Are you looped into thinking thoughts that keep you stuck in” triggered” mode?
Subdue your emotional triggers with intentional thinking.
The first thing you need to do is calm that part of yourself that feels flawed or has self doubts.
Imagine all those persistent negative thoughts like a frantic 3 year-old running with scissors. Out of control, able to do damage in an instant if you don’t intervene. So intervene you must. But just as you would with a wild child, respond to yourself with kindness, grace and authority.
The way forward is to create intentional thoughts on purpose that reinforce your control and authority over the situation.
To overcome your reactivity to emotional triggers and dissolve the hold they have on you, examine all your erroneous, false or limiting beliefs.
You’re not obligated to keep any of them. They’re all up for grabs for an intentional thinking overhaul.
Try a Targeted Thought Download.
- Describe the top three triggers which you find tend to upset your equilibrium most frequently.
- Write about all your thoughts and why these situations upset you so much. What are you making it mean about yourself and others?
- To reprogram negative beliefs, start with one trigger that has the least emotional charge. Then begin to compassionately reprogram your thinking.
- You could tell yourself, “This is not reality.” What’s actually true is… “I am lovable, capable and smart.” Substitute a more positive, believable, compassionate realistic thought for the negative belief.
Sometimes, the connection between your thoughts and your emotions isn’t quite so clear. You may have to do a bit more digging.
When strong emotions come up, don’t try to ignore them or fight them back. Instead, approach them with curiosity to develop greater insight about what thoughts may have triggered them.
Do any patterns stand out? For example, if your partner mentions your weight, it might bring up resentment, anger and indignation. What might be behind that reaction? Could it be related to your fear of being unlovable, rejection, ending up, ultimately, alone?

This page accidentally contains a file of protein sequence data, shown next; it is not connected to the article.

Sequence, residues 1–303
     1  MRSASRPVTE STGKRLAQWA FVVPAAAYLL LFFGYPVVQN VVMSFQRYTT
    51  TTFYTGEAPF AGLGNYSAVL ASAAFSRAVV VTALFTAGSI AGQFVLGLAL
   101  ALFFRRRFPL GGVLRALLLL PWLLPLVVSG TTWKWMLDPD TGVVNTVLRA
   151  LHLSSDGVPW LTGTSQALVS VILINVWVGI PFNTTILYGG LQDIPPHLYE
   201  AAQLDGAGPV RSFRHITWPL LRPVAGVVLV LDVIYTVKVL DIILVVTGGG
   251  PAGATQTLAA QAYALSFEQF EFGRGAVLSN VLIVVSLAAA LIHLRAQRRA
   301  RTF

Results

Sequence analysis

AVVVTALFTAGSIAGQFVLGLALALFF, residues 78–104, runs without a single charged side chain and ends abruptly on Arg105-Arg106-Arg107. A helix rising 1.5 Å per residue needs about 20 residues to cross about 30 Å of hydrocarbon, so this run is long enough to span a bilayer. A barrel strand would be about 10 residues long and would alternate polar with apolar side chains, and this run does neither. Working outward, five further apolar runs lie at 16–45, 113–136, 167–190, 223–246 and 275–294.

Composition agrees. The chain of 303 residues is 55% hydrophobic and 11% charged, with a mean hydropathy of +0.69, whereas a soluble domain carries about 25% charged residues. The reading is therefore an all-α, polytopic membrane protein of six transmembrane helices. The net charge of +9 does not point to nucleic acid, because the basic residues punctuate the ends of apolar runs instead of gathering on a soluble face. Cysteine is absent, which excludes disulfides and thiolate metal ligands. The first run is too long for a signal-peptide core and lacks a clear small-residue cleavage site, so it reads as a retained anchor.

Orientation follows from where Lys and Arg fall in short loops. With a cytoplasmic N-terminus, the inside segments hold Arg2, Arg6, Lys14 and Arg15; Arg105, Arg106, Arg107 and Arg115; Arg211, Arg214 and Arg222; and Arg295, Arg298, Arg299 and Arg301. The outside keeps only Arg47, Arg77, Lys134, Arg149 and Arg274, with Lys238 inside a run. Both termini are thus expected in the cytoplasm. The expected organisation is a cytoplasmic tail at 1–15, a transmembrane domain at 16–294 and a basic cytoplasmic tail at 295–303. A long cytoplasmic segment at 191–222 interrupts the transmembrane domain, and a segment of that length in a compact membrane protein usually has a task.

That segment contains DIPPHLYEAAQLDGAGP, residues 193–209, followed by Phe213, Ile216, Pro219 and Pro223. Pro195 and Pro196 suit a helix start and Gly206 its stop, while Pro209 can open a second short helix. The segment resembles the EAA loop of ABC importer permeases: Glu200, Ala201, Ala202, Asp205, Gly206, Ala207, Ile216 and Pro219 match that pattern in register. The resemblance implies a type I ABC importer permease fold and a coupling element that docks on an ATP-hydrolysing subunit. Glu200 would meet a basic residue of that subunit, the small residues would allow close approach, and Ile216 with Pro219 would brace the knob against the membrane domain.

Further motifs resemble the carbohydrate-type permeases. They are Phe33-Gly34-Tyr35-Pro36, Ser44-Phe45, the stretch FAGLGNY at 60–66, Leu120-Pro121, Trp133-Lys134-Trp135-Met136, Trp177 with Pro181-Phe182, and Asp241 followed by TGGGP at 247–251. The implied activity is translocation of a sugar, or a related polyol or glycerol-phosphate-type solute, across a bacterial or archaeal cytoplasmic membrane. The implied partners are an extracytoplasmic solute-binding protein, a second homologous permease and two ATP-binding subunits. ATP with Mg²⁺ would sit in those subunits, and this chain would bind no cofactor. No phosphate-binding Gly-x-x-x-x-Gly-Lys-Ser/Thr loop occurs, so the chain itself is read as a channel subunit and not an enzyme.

Knowing what your emotional triggers are and how to deal with them constructively is a key component of good emotional health.
Act as if.
At the start of the deescalating the trigger process, you might need to “act as if” when you haven’t yet become comfortable naturally thinking new more positive beliefs. That’s okay. It’s part of the process.
This is definitely a case where practice makes perfect.
For instance, simply saying to yourself, “I can handle this.” (even when you don’t fully believe it) paves the way for a more stable, go-to belief later on.
What about “I don’t have to respond to this right now.” Or “I can take care of myself, no matter what.”
Coaching helps tease apart your trigger mechanisms, especially when it comes to weight loss.
I can help you find the root of the trigger and process the feelings involved.
Healing your triggers is liberating because you won’t be thrown off or drained by circumstances beyond your control or what others do or say. You can break the connection between how you feel and act today and whatever happened in the past.
The more you heal your emotional triggers, the more you will be free to lead exactly the life you most deeply desire.
Please schedule a free call with me by clicking this link.
We’ve got lots to talk about.